Okay. I have no idea where I’ll be going with this post. That’s not true, I have some idea. I have the title. I want to share with you some thoughts that are beginning to bubble in my mind. I then want to ask you to leave a comment in the comment section (obviously) to help me grasp what I’m trying to say/beginning to understand.
Let’s hope by the end of this post I’ve said some helpful things and nothing too misleading.
You ready? Me neither.
I want to open a discussion over what I hear many teenage and young adult single Catholics say: “I’m waiting for God to send me my St. Joseph.” And the equivalent for blokes, “I’m looking for my Mary, or, St. Therese.”
Sorry to burst your bubble, but . . .
There are no more St. Josephs. There are no more Virgin Mary’s (there was only ever one of each). What there are are, those who have sinned and have fallen short of the glory of God. (Romans 3:23). This, of course, has always been the case, but due to the sexualized culture in which we live, the ubiquity of porn, the break down of the family, the rejection of universal truths (e.g. try saying this in a blog without having all sorts of nasty thing said about you: “men are men and women are not. Women are women and men are not.”) this is especially the case.
The next date you will go on will be with a sinner, FYI.
It’s interesting to me how a line like that—the one I just wrote—doesn’t shock us. Nor do people feel ashamed when they say, “Hey, I’m a sinner.” But a sinner is one who sins, right? And I never hear people act so nonchalant about the particular sins they commit, “Hey, I’m a fornicator.”
But back to your next date. Swap “sinner” with one of the following and notice the difference in your reaction.
The next date you will go on will be a person who is a liar/selfish/arrogant/racist/a glutton/greedy/slothful/hateful . . . See what I mean?
Now, let me quickly respond to what might be your reaction to what I’ve said so far. I am not arguing,”hey, everyone’s screwed up, therefore go ahead and marry the next broken and wounded shmuck you lay your eyes on.” I’m not saying that, that would almost certainly be disastrous.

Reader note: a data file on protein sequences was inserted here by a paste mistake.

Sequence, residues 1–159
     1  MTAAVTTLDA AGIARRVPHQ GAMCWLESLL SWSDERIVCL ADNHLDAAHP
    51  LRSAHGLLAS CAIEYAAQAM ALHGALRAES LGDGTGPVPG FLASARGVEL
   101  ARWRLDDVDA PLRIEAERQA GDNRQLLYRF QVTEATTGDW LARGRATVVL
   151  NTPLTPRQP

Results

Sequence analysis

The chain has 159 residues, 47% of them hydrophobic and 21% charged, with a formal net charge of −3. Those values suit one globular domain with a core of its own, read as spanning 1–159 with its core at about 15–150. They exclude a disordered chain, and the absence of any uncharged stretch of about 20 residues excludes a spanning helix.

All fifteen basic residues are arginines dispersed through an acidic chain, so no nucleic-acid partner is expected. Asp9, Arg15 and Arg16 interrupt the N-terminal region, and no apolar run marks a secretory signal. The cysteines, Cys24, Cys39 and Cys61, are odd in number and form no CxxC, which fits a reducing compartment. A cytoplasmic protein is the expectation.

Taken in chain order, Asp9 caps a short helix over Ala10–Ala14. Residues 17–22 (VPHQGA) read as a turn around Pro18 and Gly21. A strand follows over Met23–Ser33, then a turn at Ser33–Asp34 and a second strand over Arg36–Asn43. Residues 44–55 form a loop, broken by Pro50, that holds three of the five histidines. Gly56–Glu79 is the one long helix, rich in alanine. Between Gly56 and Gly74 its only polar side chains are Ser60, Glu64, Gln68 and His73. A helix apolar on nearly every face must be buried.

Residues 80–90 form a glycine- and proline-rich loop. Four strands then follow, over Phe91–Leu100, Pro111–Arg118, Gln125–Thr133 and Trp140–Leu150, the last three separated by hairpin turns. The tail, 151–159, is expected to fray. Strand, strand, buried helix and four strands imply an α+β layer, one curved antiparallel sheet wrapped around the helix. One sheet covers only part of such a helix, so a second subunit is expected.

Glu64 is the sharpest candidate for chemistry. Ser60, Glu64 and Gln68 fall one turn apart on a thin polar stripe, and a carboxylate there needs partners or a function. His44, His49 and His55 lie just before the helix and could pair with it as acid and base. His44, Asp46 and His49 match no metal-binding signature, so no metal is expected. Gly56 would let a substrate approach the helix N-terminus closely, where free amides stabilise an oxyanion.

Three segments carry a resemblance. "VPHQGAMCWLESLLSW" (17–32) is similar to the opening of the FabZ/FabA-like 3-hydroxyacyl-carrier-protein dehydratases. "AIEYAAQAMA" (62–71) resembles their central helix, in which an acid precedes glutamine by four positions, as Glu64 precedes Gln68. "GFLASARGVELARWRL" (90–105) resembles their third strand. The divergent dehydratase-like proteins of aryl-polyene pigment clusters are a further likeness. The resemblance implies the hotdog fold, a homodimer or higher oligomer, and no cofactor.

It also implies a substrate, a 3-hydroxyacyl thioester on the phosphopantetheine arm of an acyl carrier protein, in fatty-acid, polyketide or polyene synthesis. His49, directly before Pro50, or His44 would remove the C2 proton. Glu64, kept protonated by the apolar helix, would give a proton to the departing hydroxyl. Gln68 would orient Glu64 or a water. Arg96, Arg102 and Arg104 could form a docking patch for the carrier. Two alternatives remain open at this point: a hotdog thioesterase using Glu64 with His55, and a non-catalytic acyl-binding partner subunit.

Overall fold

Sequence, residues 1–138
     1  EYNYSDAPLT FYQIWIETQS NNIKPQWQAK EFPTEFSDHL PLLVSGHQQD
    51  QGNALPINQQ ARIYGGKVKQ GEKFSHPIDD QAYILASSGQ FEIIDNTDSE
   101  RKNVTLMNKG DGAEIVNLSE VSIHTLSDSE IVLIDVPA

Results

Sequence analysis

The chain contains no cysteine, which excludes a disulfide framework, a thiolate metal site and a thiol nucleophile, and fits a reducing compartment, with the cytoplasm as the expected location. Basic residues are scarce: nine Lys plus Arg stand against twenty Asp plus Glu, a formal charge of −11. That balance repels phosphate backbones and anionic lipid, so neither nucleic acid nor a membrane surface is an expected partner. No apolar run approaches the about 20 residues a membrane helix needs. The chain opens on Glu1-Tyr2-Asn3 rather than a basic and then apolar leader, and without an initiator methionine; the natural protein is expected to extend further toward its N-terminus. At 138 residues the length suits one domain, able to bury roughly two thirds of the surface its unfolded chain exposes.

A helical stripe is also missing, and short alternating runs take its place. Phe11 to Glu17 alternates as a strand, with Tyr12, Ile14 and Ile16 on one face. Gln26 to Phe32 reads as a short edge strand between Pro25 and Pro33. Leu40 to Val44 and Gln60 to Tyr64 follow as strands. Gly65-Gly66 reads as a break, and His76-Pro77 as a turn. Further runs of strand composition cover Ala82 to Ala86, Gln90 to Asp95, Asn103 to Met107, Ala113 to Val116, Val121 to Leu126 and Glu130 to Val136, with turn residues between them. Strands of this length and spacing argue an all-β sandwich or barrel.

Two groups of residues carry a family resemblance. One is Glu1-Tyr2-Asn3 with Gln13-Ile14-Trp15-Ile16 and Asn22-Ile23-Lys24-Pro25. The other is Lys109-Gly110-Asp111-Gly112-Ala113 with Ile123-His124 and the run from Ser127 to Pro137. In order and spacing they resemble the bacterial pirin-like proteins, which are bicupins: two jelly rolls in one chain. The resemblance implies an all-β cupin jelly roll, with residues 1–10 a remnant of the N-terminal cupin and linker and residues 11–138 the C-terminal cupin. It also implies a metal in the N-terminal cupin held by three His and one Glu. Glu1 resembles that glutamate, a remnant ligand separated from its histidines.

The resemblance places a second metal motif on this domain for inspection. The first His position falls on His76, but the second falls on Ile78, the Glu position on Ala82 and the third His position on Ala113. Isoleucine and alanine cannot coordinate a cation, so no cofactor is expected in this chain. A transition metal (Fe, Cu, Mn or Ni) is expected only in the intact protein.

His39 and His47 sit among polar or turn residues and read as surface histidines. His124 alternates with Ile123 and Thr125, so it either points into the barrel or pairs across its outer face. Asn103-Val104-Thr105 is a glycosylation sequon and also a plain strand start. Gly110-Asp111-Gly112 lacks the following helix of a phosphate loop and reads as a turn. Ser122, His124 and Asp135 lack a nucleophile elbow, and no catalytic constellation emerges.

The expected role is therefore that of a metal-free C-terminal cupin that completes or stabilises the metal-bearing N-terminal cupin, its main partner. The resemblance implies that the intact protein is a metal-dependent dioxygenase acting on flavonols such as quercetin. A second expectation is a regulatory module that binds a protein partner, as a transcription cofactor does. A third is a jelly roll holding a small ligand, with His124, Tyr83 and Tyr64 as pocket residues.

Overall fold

What I’m inviting us to do is to prayerfully reflect upon the way we shun and run from the poverty in others (and in ourselves). It’s easy to say, “love the poor.” But I (and I’m sure you’re different) feel awkward, inconvenienced, and most times repulsed when a homeless man asks me for money.” I feel the similar things when I encounter the awkwardness, depression, arrogance, etc. in others (colleagues, friends, strangers, me). We want people to be like the glowing rectangle in our pockets, I think. We want them to work. We don’t want any glitches. We hate glitches.
But glitchy, hurting people are all we have to choose from, right?
This reminds me of a beautiful photo the other day that I immediately texted to my wife. It sums us up perfectly. I can say with all sincerity, I am madly in love with my wife. She is one of the best human beings I’ve ever met and she constantly surprises me with how freaking awesome she is. She’s also really, really good looking. Okay. but, nevertheless, this photo sums us up:
So there’s a few thoughts. I know, I know, there’s little in here in way of a conclusion. That’s almost certainly because I don’t have one. So go on, I have no doubt most of you reading this are wiser and holier than me. Begin a discussion below.
How do we embrace the poverty of others? Of those we date, of those we’re courting, of those we’re married to, or those we are? 🙂
I look forward to your mind-blowing answers below.